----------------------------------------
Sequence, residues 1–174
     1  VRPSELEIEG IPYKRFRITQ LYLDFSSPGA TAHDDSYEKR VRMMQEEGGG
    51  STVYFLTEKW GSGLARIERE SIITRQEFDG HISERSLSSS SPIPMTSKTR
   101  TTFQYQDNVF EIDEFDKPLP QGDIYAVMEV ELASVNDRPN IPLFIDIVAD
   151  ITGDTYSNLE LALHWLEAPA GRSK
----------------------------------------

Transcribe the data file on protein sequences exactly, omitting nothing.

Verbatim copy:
Sequence, residues 1–174
     1  VRPSELEIEG IPYKRFRITQ LYLDFSSPGA TAHDDSYEKR VRMMQEEGGG
    51  STVYFLTEKW GSGLARIERE SIITRQEFDG HISERSLSSS SPIPMTSKTR
   101  TTFQYQDNVF EIDEFDKPLP QGDIYAVMEV ELASVNDRPN IPLFIDIVAD
   151  ITGDTYSNLE LALHWLEAPA GRSK